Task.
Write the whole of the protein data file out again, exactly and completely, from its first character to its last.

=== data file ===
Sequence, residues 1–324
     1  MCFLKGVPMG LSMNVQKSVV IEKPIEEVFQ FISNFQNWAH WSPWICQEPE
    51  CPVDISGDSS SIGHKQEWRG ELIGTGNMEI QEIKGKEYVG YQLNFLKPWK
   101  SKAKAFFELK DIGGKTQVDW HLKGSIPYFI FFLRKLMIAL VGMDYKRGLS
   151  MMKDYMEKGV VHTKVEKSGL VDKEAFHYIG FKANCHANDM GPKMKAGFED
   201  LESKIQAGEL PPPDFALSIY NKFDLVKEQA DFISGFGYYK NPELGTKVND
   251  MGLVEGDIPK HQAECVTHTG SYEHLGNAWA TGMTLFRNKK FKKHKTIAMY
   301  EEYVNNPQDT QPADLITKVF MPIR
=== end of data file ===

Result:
Sequence, residues 1–324
     1  MCFLKGVPMG LSMNVQKSVV IEKPIEEVFQ FISNFQNWAH WSPWICQEPE
    51  CPVDISGDSS SIGHKQEWRG ELIGTGNMEI QEIKGKEYVG YQLNFLKPWK
   101  SKAKAFFELK DIGGKTQVDW HLKGSIPYFI FFLRKLMIAL VGMDYKRGLS
   151  MMKDYMEKGV VHTKVEKSGL VDKEAFHYIG FKANCHANDM GPKMKAGFED
   201  LESKIQAGEL PPPDFALSIY NKFDLVKEQA DFISGFGYYK NPELGTKVND
   251  MGLVEGDIPK HQAECVTHTG SYEHLGNAWA TGMTLFRNKK FKKHKTIAMY
   301  EEYVNNPQDT QPADLITKVF MPIR